19. FALLACY OF FAIRNESS
This fallacy assumes that things have to be measured based on fairness and equality, when in reality things often don’t always work that way. An example of the trap this type of thinking sets is when it justifies infidelity if a person’s partner has cheated.
20. CONTROL FALLACY
Someone who sees things as internally controlled may put himself or herself at fault for events that are truly out of the person’s control, such as another person’s happiness or behavior. A person who sees things as externally controlled might blame his or her boss for poor work performance.
What arises in all of us is a deep sense we are not enough which impacts the way, the quality, we live our lives. These videos will affirm that you are not alone in the fear and in the knowledge that you are more. ~ Maria.
Whether you’ve earned a promotion at work, your child has reached an important milestone or you’ve hit a long awaited fitness goal, it’s a problem when friends cannot or will not revel with you in those thrilling “ups” in your life and truly enjoy your achievements, says Degges-White. Real pals aren’t into letting jealousy rear its ugly head. Instead, friends “witness your changing life and want to know the depth of what you’re experiencing” says Maria Schmid, a Calgary-based psychologist. Friends should brag about you, not bitch about you. – – Canadian Living Magazine April 2008.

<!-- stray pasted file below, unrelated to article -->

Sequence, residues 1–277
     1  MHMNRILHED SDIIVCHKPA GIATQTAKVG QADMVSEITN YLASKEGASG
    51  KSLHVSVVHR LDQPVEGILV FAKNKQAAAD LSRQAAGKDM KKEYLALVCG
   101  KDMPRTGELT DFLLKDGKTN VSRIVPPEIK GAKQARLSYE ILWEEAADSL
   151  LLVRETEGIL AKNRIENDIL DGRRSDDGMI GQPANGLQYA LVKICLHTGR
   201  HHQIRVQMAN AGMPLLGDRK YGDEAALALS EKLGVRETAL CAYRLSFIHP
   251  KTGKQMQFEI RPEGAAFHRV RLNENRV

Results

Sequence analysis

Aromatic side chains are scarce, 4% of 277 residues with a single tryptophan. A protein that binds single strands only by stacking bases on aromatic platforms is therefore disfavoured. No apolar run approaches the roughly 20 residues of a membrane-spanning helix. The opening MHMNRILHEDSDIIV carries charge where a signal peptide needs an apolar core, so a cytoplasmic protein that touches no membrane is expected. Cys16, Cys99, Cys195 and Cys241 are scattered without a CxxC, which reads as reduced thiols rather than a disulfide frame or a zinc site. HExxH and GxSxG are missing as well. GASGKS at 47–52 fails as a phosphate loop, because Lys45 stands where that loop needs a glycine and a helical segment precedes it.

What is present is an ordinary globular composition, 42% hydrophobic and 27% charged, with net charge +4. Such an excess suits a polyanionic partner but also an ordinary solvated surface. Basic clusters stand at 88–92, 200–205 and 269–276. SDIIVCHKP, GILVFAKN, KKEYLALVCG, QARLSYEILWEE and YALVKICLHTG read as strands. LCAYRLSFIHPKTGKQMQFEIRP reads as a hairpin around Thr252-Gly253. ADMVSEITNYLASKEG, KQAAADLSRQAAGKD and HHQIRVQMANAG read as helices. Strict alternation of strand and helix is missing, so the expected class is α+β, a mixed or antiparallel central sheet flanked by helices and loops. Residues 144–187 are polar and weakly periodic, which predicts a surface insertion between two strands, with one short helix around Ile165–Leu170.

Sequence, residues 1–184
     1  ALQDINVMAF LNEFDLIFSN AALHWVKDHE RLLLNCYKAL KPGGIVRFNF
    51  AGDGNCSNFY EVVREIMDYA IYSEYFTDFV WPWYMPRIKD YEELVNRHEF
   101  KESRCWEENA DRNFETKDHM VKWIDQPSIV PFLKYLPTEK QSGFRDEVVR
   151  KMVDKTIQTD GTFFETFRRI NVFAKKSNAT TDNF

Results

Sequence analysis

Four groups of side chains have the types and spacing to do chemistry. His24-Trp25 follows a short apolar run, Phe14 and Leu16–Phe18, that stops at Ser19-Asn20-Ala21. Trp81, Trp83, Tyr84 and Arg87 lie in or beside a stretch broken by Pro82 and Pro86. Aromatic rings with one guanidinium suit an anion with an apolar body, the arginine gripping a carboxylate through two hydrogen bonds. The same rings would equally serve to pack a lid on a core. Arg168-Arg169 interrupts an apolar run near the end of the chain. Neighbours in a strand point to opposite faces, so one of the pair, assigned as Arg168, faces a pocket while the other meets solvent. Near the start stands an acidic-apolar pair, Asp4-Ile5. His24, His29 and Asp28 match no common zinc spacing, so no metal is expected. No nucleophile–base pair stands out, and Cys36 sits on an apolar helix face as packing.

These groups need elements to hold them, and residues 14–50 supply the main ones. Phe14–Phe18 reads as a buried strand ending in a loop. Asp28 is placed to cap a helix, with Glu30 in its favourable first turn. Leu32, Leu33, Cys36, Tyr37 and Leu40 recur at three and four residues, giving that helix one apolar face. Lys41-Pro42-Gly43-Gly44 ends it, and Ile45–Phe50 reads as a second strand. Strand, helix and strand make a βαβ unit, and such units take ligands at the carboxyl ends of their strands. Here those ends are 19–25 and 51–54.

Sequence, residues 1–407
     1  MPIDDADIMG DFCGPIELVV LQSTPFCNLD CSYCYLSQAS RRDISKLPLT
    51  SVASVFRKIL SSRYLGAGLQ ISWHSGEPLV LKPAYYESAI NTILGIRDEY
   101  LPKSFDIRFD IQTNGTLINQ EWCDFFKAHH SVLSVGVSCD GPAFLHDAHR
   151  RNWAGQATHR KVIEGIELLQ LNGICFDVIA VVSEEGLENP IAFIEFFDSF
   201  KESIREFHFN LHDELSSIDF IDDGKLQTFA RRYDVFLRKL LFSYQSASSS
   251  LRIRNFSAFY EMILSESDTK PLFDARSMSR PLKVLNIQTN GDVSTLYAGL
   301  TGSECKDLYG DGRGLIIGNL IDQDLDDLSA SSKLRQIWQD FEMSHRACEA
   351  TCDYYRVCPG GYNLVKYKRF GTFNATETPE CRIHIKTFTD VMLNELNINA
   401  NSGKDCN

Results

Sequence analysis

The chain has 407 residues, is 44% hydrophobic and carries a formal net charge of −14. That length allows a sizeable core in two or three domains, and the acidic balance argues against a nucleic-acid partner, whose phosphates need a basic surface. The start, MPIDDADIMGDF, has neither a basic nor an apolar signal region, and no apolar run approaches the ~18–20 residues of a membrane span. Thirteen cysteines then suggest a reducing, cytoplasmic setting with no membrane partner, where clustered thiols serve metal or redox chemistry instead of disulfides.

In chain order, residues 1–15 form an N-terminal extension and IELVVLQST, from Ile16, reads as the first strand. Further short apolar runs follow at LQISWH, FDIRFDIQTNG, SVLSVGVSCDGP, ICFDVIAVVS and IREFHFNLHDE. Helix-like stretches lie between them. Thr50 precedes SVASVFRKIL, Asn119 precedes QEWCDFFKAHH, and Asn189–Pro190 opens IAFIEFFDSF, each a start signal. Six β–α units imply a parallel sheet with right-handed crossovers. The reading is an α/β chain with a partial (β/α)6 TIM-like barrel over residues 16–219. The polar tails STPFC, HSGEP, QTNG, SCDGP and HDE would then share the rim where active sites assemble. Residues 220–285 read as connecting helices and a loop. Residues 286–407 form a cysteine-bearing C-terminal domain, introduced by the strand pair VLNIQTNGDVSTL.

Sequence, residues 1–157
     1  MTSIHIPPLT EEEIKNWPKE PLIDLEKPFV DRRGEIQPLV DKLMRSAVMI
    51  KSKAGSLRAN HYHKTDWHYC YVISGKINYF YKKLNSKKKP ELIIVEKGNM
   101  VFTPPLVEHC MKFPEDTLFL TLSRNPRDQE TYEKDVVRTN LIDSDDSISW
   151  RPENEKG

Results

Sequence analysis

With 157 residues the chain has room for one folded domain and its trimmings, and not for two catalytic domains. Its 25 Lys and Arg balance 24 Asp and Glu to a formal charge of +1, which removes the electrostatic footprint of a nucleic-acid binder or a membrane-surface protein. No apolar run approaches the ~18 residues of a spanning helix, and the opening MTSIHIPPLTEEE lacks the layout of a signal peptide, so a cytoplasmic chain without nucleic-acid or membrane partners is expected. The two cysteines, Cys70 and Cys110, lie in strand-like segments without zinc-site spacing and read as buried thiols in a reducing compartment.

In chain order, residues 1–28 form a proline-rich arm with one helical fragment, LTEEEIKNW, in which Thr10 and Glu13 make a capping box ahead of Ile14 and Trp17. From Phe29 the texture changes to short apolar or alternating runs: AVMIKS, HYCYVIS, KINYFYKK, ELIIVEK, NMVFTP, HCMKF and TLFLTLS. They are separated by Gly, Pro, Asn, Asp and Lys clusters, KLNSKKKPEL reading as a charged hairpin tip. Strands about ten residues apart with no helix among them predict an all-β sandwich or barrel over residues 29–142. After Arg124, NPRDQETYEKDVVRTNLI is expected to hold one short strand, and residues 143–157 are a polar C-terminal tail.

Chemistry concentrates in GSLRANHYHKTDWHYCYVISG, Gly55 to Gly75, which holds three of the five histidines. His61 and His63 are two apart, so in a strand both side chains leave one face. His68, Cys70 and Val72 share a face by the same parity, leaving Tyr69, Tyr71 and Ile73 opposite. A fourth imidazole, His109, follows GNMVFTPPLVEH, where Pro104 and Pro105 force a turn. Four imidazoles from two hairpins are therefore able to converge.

How to ensure your friendship will stand the test of time – by: Lisa Van De Geyn of Canadian Living Magazine
You probably already know the importance of best friends: Having that special first-rate friend (I’m looking at you, Aimee) gives you greater strength when the going gets tough. According to recent research from the University of Leeds in England, the greater the quality of the study participants’ best friendships, the more resilient they were a year later.
If you’re going to reap the benefits of having “your person,” nurturing the relationship is key. “Friends help you find meaning, witness your changing life and want to know the depths of what you’re experiencing,” says Maria Schmid, a registered psychologist in Calgary.
To make sure your friendships with your best pals stand the test of time, Schmid offers this advice: “Be present, let your actions reflect love and respect, and show them you see, hear, admire and are thankful for them.”
What I like about this TEDx is that it summarises a lot of key ideas of what arises for most of us in counselling. We are all looking, underneath the struggles, tragedies, stories and relationships, for the belief in our self to know we are on the right path and can listen to our truth.
Love: It is complicated and challenging yet yields the greatest reward. It makes us grow and experience ourselves fully.
In 1939, Harvard Medical School began tracking the lives of two groups of men to identify the psycho-social predictors of healthy aging. The two groups consisted of 456 poor men growing up in Boston from 1939 to 2014 (the Grant Study), and 268 male graduates from Harvard’s classes of 1939-1944 (the Glueck study). Link to the Grant and Glueck study.
The conclusions of the study strongly indicate that good relationships keep people happier and healthier. It’s particularly close relationships that matter rather than the number of relationships.
The biggest predictor of your happiness and fulfilment overall in life is love.